Posted by revellfa on Monday, March 22, 2010
As some of my friends know I have been a banjo nut for many years. It wasn't long (actually about 20 years) before the bug bit me and I decided that I would like to try and build my own banjo. Ok, I don't really mean "build" as in cut the tree down, etc. I did however acquire a nice walnut neck from a fellow hangouter and I got my hands on a brand new maple rim and gold-no hole almost pot assembly minus the tailpiece and flange from Mr. Jimmy Cox himself. I later obtained a Gold RK flange and a brass Stew Mac Presto tailpiece.
My plan has been to build a banjo called, "The Black Pony" in honor of my Dad's outfit in Viet Nam. After spending a couple of years pondering and thinking about what the banjo would look like I finally decided the following.
1. That the actual banjo itself would be as dark as possible to honor the name "Black Pony", thus an ebony fingerboard was utilized. The neck that I got came with a rosewood peghead, but I am willing to overlook that.
2. That all of the hardware would be gold. I have obtained some Gold Goth tuners with black buttons.
3. That one of the two would happen. First that it would have a clear head with the "Black Pony" insignia airbrushed on the opposite side of the clear head to prevent rubbing, etc. Or, second, that it would have the insignia airbrushed onto the back of the resonator (which is mahogany) and that it would have a black banjo head. I am a little reluctant to have either a clear head or a black head on my banjo as I have never tried either one. Then again, I have never build my own banjo before either!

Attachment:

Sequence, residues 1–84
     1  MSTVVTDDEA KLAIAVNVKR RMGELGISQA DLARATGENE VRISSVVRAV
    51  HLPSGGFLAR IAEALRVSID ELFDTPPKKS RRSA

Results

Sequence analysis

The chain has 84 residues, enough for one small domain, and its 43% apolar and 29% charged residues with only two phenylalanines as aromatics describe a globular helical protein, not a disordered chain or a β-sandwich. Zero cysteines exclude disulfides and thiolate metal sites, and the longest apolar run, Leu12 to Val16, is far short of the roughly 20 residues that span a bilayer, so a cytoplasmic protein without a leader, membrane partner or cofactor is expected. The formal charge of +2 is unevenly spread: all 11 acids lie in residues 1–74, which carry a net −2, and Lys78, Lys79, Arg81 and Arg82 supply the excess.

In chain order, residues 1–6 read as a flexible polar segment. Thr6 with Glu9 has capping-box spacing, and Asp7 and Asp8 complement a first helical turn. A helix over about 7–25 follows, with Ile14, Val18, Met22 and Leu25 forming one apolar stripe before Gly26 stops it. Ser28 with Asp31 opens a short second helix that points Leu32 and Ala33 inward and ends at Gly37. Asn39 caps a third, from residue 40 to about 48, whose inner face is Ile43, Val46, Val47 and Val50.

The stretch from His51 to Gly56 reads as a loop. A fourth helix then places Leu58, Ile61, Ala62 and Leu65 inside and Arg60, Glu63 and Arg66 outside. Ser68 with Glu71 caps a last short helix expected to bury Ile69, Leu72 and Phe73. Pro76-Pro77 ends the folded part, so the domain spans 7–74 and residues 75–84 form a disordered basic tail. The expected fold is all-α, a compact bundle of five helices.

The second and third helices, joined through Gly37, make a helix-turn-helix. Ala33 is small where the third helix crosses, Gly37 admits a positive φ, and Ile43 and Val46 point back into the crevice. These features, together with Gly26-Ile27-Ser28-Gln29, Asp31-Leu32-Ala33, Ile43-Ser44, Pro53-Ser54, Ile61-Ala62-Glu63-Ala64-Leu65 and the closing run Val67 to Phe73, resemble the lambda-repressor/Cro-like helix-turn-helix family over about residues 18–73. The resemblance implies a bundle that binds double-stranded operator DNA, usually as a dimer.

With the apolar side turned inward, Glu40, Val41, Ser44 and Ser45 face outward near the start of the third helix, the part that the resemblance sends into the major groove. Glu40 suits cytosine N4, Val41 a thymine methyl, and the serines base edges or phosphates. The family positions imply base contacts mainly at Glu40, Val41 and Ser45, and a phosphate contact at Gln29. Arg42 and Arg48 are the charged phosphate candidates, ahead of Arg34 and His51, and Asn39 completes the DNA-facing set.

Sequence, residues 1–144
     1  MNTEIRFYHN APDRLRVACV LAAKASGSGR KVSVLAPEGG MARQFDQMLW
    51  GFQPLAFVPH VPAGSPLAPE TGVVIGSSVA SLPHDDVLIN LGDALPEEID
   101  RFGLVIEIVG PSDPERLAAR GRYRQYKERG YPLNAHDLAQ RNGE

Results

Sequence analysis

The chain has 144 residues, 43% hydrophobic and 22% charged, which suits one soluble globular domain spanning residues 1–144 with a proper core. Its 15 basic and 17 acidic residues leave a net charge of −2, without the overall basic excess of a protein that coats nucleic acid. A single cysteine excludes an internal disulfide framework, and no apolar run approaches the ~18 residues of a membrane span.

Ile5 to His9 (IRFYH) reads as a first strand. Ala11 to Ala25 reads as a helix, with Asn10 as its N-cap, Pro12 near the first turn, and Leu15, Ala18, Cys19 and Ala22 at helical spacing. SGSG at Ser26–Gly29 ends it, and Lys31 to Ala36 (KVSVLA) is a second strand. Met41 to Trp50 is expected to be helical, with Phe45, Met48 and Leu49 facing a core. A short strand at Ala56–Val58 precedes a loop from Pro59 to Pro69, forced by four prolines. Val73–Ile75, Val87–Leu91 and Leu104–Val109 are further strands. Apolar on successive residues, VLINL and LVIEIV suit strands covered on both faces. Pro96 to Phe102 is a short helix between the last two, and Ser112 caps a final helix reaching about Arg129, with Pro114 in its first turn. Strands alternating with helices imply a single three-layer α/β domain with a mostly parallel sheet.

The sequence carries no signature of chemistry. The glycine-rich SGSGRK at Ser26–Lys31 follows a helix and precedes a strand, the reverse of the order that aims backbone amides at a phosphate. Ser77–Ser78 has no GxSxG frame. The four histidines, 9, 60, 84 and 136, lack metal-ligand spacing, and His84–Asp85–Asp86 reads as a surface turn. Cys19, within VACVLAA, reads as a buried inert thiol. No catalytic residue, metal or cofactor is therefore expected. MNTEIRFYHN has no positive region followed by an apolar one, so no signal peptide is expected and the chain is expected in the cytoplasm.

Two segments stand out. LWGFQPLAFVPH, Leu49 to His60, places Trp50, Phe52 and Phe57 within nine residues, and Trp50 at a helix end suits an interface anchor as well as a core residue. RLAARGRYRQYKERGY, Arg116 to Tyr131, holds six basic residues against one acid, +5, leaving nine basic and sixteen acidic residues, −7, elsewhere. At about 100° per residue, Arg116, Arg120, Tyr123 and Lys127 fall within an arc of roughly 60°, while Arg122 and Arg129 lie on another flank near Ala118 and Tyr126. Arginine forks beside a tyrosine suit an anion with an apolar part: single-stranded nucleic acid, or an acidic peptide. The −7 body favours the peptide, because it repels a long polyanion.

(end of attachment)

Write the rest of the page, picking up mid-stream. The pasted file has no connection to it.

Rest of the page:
4. That this banjo would be an archtop instead of a flat head. This was a tough one. But after reflecting on my Dad and his 36 RB-3 archtop conversion and the fact that we play some Reno stuff (which sounds GREAT on an archrop) and the fact that he has always been a Ralph Stanley fan, I finally decided to call Mr. Cox and place my order.
After spending way too much time researching things on the hangout and way too much money on "essential" tools from Stew Mac I am proud to say that I am finally making some progress.
Here is what I have done so far.
1. Glued the ebony, pre-slotted fingerboard onto the neck
2. Sanded the neck
3. Cut out all of the inlays
I can't way to get started on installing my inlays and frets. After that I will have to send the banjo to somebody smarter than me (which shouldn't be hard to do) so that they can cut the heel to fit the rim. Then I will make the final adjustments to the nut and string her up!
In terms of sound I am really interested to see what the gold cox pot assembly with three--ply maple rim, walnut neck, and mahogany resonator will sound like together. I guess it is all just one big experiment.
I can't wait!
Wednesday, August 11, 2010 @2:53:49 PM
Sounds like fun!
Beats the heck out of going to a music store!
Yours will be a REAL banjo!
Made like they were BEFORE the age we live in now!
Love to see a posted picture of it when you're done!
Thursday, September 2, 2010 @7:54:21 PM
Frankie, that should be great and nice that you honor your Father this way. Keep us posted.
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'Early 90s Goya' 2 hrs
'Gold d tuners' 5 hrs
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